The world's favorite Governator is in Germany to spread technology-induced optimism. Arnold Schwarzenegger, never one to mince words, was upbeat and defiant as Germany's mammoth technology fair CeBIT gets underway.
Schwarzenegger didn't want to hear any whining
California Governor Arnold Schwarzenegger had a message for those pessimists who worry that the bottom has fallen out of the technology market: stop your whining.
"Losers whine but winners move forward in a strong and powerful way, and I know that everyone who is here at the CeBIT is a winner," Schwarzenegger declared in a rollicking speech on the eve of the high-tech fair.
Schwarzenegger, originally from Austria, first gained fame as a bodybuilder before skyrocketing into the movie business with the "Terminator" movies. He is currently the governor of the state of California, where he has been struggling to deal with budget shortfalls.
Plenty of high-tech gadgetry is on display
CeBIT, which officially opens its doors on Tuesday, March 3, has fewer exhibitors than it has in past years. Organizers blamed the economic slowdown.
Schwarzenegger spoke at an opening ceremony alongside German Chancellor Angela Merkel on Monday evening.
"We are gathering in challenging times. Some may say this is the wrong time for a big trade show like this but they are wrong," Schwarzenegger said.
Some 4,300 firms from 69 countries are in the northern German city of Hanover to show off their latest electronic gadgets and innovations. That is down 25 percent from last year, according to organizers.
Nevertheless, Germany's high-tech industry predicted earlier Monday that it expects to buck the economic crisis this year with sales stagnating but not sinking.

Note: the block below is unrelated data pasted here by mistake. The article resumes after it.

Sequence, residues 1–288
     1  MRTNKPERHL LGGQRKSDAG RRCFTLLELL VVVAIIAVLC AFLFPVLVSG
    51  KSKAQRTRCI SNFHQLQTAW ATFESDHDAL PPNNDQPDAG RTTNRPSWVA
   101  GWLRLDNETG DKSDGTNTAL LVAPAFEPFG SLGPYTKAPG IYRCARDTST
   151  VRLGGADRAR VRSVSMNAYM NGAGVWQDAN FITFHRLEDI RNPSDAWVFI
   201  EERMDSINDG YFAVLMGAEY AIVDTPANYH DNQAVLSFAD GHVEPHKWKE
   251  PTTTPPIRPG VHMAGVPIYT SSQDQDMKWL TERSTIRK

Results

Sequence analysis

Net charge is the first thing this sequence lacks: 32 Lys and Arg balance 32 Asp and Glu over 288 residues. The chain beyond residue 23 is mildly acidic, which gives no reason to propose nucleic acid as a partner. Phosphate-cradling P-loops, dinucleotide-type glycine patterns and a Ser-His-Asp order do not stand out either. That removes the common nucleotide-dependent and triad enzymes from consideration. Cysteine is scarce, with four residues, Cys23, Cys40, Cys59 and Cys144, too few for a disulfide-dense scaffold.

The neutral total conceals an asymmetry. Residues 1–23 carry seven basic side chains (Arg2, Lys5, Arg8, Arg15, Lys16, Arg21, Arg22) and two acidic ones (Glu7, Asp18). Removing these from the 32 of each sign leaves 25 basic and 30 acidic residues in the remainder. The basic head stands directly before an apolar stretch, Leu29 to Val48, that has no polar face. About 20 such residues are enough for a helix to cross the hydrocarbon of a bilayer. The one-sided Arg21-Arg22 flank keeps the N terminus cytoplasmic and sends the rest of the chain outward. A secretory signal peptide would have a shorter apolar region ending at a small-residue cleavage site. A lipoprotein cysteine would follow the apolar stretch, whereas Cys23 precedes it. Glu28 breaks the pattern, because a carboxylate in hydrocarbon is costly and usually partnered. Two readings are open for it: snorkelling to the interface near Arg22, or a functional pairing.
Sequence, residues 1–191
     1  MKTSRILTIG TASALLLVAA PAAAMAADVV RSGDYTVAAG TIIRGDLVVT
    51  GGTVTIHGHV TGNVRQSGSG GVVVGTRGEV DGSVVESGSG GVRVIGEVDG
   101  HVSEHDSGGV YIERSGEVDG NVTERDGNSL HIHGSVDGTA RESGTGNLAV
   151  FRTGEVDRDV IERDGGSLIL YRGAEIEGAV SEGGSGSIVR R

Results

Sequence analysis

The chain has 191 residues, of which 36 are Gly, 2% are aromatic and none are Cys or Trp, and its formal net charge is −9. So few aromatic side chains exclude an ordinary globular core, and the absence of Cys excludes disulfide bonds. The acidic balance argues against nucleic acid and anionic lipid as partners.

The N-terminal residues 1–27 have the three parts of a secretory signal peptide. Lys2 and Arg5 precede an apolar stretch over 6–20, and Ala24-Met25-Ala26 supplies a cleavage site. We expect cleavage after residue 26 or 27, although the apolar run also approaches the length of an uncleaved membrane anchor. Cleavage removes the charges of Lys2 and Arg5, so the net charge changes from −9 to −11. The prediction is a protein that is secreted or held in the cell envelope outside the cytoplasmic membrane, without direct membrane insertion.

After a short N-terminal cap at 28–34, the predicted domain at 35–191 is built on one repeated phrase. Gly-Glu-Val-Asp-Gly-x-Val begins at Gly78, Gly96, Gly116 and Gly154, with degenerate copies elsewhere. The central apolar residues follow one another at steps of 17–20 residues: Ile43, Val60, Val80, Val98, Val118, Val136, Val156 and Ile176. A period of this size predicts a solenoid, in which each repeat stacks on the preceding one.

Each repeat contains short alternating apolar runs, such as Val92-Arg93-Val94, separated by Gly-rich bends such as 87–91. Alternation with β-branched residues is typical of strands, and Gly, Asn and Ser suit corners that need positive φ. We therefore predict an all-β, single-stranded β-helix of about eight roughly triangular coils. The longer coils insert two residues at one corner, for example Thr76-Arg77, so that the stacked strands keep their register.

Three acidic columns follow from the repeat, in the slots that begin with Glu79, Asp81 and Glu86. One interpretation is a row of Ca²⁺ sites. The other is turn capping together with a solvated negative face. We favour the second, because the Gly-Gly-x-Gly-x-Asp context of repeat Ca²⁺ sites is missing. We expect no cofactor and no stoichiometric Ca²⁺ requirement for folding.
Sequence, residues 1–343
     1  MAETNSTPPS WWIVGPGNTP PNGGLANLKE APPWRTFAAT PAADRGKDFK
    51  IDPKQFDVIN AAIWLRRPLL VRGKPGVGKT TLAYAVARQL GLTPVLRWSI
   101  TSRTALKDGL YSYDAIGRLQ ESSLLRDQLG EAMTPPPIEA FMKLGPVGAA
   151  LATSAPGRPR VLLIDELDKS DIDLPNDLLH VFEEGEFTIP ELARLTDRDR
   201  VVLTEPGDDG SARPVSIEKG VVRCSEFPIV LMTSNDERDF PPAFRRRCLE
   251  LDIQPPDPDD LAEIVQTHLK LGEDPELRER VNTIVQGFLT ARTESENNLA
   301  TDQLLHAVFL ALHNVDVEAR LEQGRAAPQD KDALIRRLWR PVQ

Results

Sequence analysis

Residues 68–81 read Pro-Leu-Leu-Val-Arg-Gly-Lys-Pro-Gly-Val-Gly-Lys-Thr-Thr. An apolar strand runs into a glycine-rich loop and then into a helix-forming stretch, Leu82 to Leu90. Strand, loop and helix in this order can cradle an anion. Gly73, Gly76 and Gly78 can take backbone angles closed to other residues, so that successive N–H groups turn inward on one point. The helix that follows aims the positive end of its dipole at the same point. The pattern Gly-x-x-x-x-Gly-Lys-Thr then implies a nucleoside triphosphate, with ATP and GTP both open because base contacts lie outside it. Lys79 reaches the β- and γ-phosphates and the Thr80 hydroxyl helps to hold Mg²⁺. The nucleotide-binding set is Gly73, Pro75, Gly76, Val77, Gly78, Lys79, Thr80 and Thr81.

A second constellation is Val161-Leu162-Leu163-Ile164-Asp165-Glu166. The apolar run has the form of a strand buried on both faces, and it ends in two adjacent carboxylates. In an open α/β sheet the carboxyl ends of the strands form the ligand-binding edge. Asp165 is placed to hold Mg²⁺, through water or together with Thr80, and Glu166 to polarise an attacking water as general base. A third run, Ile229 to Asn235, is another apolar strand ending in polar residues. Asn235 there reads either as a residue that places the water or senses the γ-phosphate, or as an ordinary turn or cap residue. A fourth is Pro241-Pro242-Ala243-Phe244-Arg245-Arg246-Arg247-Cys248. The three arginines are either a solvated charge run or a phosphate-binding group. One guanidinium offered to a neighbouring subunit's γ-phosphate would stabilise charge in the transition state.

The sector encompassing information technology, telecommunications and digital consumer electronics is expected to hold steady at about 145 billion euros ($183 billion dollars), the BITKOM industrial lobby.
"For the time being, the high-tech industry is holding its own in the crisis," group president August-Wilhelm Scheer told reporters. "The sector looks pretty good compared to other industries."
A little star power
The high-tech industry says its holding its own despite the financial crisis
Merkel, who is facing Germany's worst postwar recession and a general election in six months' time, thanked Schwarzenegger for bringing "a little American spirit" to the northern city of Hanover.
According to California newspapers, Schwarzenegger will be in Germany for most of the week.
Speaking first in English then German, Schwarzenegger said he was pleased to be back in the country where he got his start as a bodybuilder and looked forward to enjoying some "German beer and German food" again while in town.
"Never in my wildest dreams did I ever imagine I would come back to Germany as governor of the great state of California," he said.
Schwarzenegger was happy to be back in Germany
While in Hanover, Schwarzenegger will also pick up an award from the American Chamber of Commerce in Germany on Tuesday for "his exceptional commitment to the global issues of environment and energy."
California is the honorary guest at this year's CeBIT and Schwarzenegger has come to the CeBIT with around 50 firms from
California, most from Silicon Valley, an area which has been hard hit by the financial crisis. CeBIT runs through Sunday.
But Schwarzenegger wasn't letting the financial crisis drag him down.
At the end of the speech, Schwarzenegger brought down the house with his trademark "Terminator" farewell: "I'll be back. Hasta la vista, baby."